If she can get them in England then they ought to be available in Ireland.

    BTW, I am going to visit the National Craft Fair at RDS Dec 1st. Do you know anyone exhibiting I should look out for just because their work is that neat?

    • Hi Elizabeth, I’m going to have a think about the RDS and let you know whose work I would be most interested in seeing myself. Remind me nearer the time please if you don’t hear back from me!

    • Hi Elizabeth, I’m going to have a think about the RDS and let you know whose work I would be most interested in seeing myself. Remind me nearer the time please if you don’t hear back from me!

  2. Hi Nicola…….Sorry I can’t help you with your “question”, but do have a comment on stitching and embellishment. I had an art teacher once tell me once about when to stop on any art project…”IF YOU ARE DOING IT TO IT INSTEAD OF FOR IT…STOP! I always keep that in my mind as I near a project! Just passing it along. Your work is fabulous! Keep it coming.

  3. Good morning Nicola,

    I will be interested in the label responses, too. I just ordered a catalog from a company ( ) that looks to be fairly reasonable for larger quantities. I have a friend who uses their tags and has been quite happy and the service is supposed to be great, but not having tried them personally, might be best to order a catalog and see what you think….They send samples.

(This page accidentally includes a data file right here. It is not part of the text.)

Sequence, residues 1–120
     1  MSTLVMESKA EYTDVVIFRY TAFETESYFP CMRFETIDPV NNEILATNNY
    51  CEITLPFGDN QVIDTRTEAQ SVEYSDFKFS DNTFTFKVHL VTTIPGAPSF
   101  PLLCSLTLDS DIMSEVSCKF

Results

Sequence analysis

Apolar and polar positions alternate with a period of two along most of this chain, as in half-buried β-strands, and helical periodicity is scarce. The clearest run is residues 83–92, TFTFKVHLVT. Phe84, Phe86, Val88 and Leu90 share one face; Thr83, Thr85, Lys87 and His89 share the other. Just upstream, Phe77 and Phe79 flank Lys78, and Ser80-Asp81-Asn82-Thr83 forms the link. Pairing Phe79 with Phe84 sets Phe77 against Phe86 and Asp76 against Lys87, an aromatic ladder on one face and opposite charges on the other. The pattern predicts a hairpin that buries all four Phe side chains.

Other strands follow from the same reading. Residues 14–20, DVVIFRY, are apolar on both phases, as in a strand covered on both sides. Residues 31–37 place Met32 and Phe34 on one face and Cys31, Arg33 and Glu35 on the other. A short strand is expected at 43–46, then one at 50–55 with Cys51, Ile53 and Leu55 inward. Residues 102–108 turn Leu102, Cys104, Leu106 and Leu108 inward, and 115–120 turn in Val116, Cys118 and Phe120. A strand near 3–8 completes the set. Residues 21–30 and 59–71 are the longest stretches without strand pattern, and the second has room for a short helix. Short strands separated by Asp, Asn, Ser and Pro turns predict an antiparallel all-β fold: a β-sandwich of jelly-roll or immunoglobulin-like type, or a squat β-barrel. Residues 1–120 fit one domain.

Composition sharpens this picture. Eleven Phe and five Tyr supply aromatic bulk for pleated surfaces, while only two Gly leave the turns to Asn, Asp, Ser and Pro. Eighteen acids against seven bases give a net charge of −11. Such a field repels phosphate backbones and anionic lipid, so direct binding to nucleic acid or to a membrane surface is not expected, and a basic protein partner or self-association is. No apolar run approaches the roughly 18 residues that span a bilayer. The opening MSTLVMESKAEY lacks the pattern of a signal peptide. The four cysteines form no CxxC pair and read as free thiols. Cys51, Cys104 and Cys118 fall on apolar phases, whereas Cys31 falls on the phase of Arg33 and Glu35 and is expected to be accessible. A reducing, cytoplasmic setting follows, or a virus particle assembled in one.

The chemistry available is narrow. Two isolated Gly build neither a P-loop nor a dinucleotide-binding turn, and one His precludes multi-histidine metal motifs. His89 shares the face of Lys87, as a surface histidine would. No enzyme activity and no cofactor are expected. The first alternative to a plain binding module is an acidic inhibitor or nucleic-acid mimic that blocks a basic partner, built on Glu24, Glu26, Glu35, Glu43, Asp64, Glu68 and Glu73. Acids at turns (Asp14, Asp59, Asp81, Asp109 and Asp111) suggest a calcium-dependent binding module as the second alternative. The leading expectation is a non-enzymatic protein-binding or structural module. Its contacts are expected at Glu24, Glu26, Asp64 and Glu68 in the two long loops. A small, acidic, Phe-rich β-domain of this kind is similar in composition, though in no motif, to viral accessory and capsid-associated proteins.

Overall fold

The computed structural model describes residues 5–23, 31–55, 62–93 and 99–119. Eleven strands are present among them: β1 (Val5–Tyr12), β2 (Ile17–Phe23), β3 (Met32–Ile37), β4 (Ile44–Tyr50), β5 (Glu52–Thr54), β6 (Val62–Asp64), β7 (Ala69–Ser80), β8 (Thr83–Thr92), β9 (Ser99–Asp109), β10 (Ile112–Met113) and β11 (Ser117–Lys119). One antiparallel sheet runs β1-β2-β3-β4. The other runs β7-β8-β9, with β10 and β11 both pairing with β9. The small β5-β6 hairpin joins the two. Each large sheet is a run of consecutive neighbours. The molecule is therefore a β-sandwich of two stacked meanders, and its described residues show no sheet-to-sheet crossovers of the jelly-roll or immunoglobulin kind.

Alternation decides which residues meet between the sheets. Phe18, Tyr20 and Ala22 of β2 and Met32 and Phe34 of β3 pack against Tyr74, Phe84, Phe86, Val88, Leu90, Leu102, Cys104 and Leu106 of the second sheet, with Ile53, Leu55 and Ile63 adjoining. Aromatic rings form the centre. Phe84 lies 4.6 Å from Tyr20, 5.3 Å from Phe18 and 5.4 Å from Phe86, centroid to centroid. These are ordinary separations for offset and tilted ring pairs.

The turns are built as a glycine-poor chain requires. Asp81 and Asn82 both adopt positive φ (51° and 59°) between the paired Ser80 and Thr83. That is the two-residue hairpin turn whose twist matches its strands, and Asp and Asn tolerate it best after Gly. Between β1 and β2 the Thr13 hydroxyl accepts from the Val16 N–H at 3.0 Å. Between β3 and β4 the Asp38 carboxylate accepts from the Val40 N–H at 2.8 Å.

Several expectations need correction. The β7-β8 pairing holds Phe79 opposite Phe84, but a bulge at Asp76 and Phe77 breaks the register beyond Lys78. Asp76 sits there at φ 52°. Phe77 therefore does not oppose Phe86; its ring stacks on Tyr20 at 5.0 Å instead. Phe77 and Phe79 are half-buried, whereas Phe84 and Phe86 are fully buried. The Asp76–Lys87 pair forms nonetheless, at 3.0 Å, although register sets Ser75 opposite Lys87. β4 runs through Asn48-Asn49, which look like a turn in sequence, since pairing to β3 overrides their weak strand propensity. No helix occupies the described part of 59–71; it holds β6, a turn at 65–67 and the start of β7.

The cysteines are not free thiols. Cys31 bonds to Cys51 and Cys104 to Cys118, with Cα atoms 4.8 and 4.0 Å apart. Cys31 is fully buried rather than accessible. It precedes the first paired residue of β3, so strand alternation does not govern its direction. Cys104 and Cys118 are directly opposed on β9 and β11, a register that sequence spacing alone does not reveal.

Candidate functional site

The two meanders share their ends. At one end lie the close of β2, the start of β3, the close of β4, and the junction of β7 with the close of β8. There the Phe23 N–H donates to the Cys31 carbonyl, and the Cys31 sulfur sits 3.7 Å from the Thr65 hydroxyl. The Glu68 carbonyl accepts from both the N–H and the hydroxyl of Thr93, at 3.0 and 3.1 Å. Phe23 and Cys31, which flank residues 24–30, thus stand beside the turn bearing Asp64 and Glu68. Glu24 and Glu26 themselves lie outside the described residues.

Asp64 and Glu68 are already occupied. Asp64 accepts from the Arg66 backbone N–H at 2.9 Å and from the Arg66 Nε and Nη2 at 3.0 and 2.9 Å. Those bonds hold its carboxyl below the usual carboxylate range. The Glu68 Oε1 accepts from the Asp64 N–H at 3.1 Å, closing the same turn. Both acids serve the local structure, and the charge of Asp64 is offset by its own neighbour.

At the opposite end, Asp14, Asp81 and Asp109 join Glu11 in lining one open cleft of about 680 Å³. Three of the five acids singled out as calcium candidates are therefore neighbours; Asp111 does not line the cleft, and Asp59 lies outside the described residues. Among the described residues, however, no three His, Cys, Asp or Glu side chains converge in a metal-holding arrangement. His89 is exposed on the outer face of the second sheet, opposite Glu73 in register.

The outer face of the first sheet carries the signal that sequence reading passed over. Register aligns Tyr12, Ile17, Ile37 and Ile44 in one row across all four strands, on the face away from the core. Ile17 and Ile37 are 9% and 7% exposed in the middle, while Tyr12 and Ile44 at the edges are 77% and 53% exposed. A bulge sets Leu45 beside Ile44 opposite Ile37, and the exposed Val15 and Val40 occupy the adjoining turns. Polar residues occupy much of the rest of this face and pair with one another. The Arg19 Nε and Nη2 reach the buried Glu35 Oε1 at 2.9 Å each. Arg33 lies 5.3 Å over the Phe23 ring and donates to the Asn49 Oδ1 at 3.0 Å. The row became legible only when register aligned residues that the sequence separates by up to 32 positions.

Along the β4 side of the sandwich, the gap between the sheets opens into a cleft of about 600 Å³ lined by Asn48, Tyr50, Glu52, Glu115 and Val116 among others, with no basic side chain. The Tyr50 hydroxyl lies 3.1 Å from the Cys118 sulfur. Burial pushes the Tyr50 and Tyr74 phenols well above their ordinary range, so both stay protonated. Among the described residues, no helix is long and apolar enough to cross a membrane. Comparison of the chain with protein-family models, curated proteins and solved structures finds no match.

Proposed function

I love the purple piece shown above…It’s marvelous!!!! Hmmm….I’m starting to like this sewing thing. Well, at least when you’re doing it;-)))

    Nothing stops that Rex…He’s a trooper in all kinds of weather. And, he’s famous!


  4. Hi Nicola – If you have a custom rubber stamp for your label design or can have one made, there are now ink pads made for fabrics that are heat set. To make fabric labels fray-free, you can iron the final stamped fabric on light fusible interfacing and cut your final labels to size; use lightweight interfacing so the final labels are still fabric-like and not too stiff. I know a felt doll maker who uses these handmade fabric labels to great effect – that’s how I learned how to make them. Any company or printer for fabric labels is both expensive and require big minimum orders.
    If you print out labels on any inkjet or laser printer on those fabric-printer sheets, the ink is never colorfast and can’t be heat set.

  5. Hi Nicola, Have you tried iron-on transfer paper with your name/logo reversed on the computer; then printed out; then cut out and ironed onto a satin fabric ribbon (allowing enough room at the cut edges to fold back, ‘fray-check’ or treat with glue)? I’ve tried it & sewn it into the inside of hats and it seems ok. A bit fiddly. In theory the labels should be washable as this transfer paper is to make t-shirts. I’ve tried to iron on directly to felt but had no luck. Maybe it would work on a nuno type piece??

    Here’s some instructions which I found useful:

    p.s.:Love how you stiched your landscape!